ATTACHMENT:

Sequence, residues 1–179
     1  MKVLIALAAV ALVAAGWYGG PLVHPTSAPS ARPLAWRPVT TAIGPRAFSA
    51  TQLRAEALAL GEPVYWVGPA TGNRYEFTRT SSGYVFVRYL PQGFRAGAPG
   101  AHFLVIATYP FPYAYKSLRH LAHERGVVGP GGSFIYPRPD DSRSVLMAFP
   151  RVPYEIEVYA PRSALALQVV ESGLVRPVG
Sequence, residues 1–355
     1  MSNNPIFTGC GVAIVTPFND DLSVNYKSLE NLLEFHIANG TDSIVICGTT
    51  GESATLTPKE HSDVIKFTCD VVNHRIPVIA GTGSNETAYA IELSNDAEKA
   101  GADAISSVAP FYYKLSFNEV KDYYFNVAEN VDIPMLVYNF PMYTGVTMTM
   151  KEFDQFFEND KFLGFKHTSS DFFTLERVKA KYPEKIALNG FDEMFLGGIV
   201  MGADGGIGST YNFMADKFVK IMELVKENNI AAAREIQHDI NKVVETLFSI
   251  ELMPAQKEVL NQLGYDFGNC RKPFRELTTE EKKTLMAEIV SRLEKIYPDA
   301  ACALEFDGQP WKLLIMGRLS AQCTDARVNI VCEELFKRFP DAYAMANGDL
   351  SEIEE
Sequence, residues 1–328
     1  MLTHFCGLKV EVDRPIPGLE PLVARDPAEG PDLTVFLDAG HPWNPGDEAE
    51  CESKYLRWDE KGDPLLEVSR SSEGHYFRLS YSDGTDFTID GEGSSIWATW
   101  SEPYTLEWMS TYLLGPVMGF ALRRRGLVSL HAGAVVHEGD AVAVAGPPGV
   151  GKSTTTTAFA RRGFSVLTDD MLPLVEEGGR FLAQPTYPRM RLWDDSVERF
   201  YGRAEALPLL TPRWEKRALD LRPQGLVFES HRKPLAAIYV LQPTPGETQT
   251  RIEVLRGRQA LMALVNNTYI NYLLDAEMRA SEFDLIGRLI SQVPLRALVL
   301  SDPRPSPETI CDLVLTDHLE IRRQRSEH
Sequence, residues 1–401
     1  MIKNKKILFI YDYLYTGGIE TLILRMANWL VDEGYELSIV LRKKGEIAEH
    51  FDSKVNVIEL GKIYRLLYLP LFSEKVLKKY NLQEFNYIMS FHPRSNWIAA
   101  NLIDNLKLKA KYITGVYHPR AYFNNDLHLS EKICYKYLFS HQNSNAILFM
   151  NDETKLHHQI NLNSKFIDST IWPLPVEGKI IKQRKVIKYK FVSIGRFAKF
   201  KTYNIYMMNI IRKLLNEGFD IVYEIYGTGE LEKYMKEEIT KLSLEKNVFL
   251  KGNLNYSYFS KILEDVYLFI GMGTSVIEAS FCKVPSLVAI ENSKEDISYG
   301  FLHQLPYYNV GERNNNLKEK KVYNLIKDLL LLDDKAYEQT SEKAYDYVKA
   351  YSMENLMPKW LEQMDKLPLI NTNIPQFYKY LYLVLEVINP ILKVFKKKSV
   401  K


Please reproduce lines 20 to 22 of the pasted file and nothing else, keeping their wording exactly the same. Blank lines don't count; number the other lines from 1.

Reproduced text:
   201  YGRAEALPLL TPRWEKRALD LRPQGLVFES HRKPLAAIYV LQPTPGETQT
   251  RIEVLRGRQA LMALVNNTYI NYLLDAEMRA SEFDLIGRLI SQVPLRALVL
   301  SDPRPSPETI CDLVLTDHLE IRRQRSEH